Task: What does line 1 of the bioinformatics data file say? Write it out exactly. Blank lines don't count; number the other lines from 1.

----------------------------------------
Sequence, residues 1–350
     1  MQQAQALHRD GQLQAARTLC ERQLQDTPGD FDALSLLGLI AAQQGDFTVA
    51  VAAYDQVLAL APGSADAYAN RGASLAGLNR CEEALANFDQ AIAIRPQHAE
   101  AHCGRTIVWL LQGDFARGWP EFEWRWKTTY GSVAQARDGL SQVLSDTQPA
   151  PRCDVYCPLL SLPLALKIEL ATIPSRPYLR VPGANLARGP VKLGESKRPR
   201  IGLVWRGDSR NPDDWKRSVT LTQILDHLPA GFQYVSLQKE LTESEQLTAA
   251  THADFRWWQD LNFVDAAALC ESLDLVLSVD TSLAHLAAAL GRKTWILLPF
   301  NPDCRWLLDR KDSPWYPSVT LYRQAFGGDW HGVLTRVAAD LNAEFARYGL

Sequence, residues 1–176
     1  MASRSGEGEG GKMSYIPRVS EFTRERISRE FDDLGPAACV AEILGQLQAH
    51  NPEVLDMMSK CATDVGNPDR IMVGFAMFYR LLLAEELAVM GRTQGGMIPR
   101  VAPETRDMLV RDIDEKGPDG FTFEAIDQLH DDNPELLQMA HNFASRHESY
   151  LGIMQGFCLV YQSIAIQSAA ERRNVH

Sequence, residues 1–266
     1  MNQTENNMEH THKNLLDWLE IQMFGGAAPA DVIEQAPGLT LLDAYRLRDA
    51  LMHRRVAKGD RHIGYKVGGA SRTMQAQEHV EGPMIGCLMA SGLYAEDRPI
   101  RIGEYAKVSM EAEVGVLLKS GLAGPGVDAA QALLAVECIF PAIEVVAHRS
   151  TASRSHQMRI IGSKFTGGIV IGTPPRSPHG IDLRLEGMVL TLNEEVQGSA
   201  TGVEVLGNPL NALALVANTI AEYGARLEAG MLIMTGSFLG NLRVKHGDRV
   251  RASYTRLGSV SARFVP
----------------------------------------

Sequence, residues 1–350